White House's Handling of Cheney Shooting Criticized

Vice President Dick Cheney has been avoiding the press since accidentally shooting lawyer Harry Wittington during a weekend quail hunt. There was no public statement, even after hearing that his hunting partner suffered a minor heart attack on Tuesday due to complications from the accident. Madeleine Brand talks to Wayne Slater, Austin bureau chief for The Dallas Morning News, about how the White House is handling the fallout.

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MADELEINE BRAND, host:

From the studios of NPR West, this is DAY TO DAY. I'm Madeleine Brand. Coming up, a second witness points the finger at the trial of former Enron chiefs in Houston.

But first, Vice President Dick Cheney will break his silence about his hunting accident on FOX News today. These will be Cheney's first public remarks since he accidentally shot his friend Harry Whittington over the weekend. Whittington then suffered a minor heart attack.

As Whittington's medical condition grew more serious, so did criticism of the vice president and the White House for the way they've handled the story. Earlier, I spoke with Wayne Slater. He's the Austin bureau chief for The Dallas Morning News, and he's also the co-author of the book, Bush's Brain: How Karl Rove Made George W. Bush Presidential. I asked Wayne Slater what we should expect to hear from Cheney tonight.

Mr. WAYNE SLATER (Austin Bureau Chief, The Dallas Morning News): What Vice President Cheney has to do, and I assume that he will do, is sort of express concern, I mean, act the way anybody would do who had accidentally injured a friend. He has to really offer up a detailed account of what had happened, that it was an accident, that this was a friend, a long-time friend, someone he was concerned about, and really reinforce the idea that his first attention was the safety and the health and the treatment of the man he accidentally shot.

But the problem for him will be, how will he answer the other questions? Like, why did it take so long before the American people knew this happened?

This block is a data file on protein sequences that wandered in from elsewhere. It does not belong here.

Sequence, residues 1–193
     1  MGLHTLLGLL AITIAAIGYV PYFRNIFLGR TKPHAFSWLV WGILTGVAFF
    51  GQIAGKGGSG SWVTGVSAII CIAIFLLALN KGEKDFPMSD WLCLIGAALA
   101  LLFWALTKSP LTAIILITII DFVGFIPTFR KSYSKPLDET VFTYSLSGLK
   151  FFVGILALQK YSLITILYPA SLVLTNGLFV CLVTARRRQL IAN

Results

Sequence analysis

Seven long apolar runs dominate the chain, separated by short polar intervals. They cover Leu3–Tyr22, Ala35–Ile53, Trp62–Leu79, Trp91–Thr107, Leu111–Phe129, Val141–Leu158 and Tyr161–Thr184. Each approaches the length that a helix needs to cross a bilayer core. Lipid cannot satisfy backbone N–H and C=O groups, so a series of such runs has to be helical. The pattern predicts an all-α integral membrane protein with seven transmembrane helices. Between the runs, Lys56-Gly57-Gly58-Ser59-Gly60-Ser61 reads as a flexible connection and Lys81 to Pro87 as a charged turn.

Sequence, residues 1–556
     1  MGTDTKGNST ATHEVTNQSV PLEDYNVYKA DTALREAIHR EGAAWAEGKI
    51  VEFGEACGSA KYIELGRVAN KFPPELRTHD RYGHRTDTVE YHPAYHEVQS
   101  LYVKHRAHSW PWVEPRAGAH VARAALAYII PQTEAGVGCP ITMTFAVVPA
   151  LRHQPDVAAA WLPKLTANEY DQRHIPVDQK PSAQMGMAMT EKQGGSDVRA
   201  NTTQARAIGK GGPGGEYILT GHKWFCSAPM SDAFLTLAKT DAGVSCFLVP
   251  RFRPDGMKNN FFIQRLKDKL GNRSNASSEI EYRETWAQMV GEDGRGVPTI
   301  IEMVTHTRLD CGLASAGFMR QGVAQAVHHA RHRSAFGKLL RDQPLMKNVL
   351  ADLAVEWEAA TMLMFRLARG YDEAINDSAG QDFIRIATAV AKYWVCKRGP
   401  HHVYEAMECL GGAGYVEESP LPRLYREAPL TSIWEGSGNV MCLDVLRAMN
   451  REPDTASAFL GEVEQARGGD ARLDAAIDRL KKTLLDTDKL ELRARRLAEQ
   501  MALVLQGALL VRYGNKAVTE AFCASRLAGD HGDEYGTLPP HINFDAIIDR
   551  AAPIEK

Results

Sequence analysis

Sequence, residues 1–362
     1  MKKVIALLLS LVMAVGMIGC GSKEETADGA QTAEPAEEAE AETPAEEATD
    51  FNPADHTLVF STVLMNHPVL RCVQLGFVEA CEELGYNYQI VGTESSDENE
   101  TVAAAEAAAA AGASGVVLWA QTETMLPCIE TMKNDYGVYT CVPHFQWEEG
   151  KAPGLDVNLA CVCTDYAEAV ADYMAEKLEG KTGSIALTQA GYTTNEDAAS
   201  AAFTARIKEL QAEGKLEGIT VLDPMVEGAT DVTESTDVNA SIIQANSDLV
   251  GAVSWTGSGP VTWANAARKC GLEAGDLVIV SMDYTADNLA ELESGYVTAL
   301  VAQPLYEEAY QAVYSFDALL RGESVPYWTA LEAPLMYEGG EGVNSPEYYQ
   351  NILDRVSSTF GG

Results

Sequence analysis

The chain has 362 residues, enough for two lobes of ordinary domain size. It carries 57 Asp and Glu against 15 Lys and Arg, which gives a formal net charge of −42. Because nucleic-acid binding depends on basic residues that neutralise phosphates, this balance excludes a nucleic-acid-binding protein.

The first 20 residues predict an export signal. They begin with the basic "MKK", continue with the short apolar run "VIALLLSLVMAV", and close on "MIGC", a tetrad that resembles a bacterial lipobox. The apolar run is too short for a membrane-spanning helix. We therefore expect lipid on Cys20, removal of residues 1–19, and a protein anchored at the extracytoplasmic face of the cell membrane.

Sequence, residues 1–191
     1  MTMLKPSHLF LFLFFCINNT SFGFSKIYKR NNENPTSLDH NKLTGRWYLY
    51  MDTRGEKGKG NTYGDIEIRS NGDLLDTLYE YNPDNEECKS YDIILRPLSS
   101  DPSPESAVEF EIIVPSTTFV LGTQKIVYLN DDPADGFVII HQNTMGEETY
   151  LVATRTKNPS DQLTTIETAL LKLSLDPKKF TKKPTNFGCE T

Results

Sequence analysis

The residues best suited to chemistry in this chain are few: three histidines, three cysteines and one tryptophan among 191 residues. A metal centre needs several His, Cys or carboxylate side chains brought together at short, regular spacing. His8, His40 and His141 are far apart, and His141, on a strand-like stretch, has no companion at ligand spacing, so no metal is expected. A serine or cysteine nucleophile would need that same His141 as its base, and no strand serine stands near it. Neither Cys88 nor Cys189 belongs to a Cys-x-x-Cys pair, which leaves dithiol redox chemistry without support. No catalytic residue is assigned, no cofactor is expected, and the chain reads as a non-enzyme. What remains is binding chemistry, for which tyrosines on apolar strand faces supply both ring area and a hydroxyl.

BRAND: Right. And this happened on Saturday evening, and today is Wednesday. So, why did it take so long? Who's handling his media relations?

Mr. SLATER: Well, the vice president is handling his media relations. And I think that's one of the telling things about this whole episode. By waiting so long, by not telling anyone publicly, I mean, not having the public informed that the vice president had been involved in an episode in which he had shot someone, accidentally or otherwise, in this case, it really reinforced all the, sort of, preconceptions about this White House being closed, and this White House and Cheney was a man with his own rules, and so forth.

And I know what we know is that Karl Rove talked to the owner of the ranch, and then talked to the president on Saturday evening. So, the president was informed in an odd way, not from the vice president's office, or the vice president, but by Karl, who had talked to the owner of the ranch.

It's clear that one of two things happened. One, Karl wasn't thinking, Rove and the White House wasn't thinking about the public aspects of this, that people really ought to be informed, and that there would be a firestorm of controversy if people didn't know. Or, more likely, that the vice president himself is steering the public relations of this.

And you have Karl Rove, long-time close and enormously influential person with the president, and I'm told that the White House people wanted to go public with this that evening, at least in a limited way, but that it was the vice president and his people who said no.

BRAND: And the president ceded to the vice president?

Mr. SLATER: He did. That is what it appears, that is what happened. That's what happened, here. And that's an astonishing thing. Clearly, Rove, who is a brilliant political strategist and understands the public relations aspect of this, and the president, who obviously, who knows Harry Whittington quite well, obviously acceded to the will of the vice president in how to handle this. And it was handled badly.

BRAND: Now, tell us about the victim, Harry Whittington. You know him. Tell us more about him.

Mr. SLATER: Well, he's an interesting guy, a strong Republican, part of the emerging Republican hegemony here in Texas. He's a fund-raiser. He's a very wealthy real estate person in Austin. He's a lawyer. And he also, he has a building downtown Austin, not far from where I'm sitting, which has long been the home of virtually any Republican statewide officeholder, including George Bush and the current governor, for their political campaign.

When George Bush was first going to run for governor, Karl Rove steered Bush, who already knew Harry, to Harry's office. Harry Whittington was one of the first people you talked to.

Whittington was a guy who drove Bush's father around when he first ran for Congress in the '70s in Texas. He has known anybody and everybody of note in the Republican Party, a very straight-up person, often operates on matters of principle rather than political expediency. But he's a good strong Republican and a long-time friend of the Cheneys.

BRAND: Wayne Slater is the Austin bureau chief for The Dallas Morning News. Thanks for joining us.

Mr. SLATER: Great to be with you.

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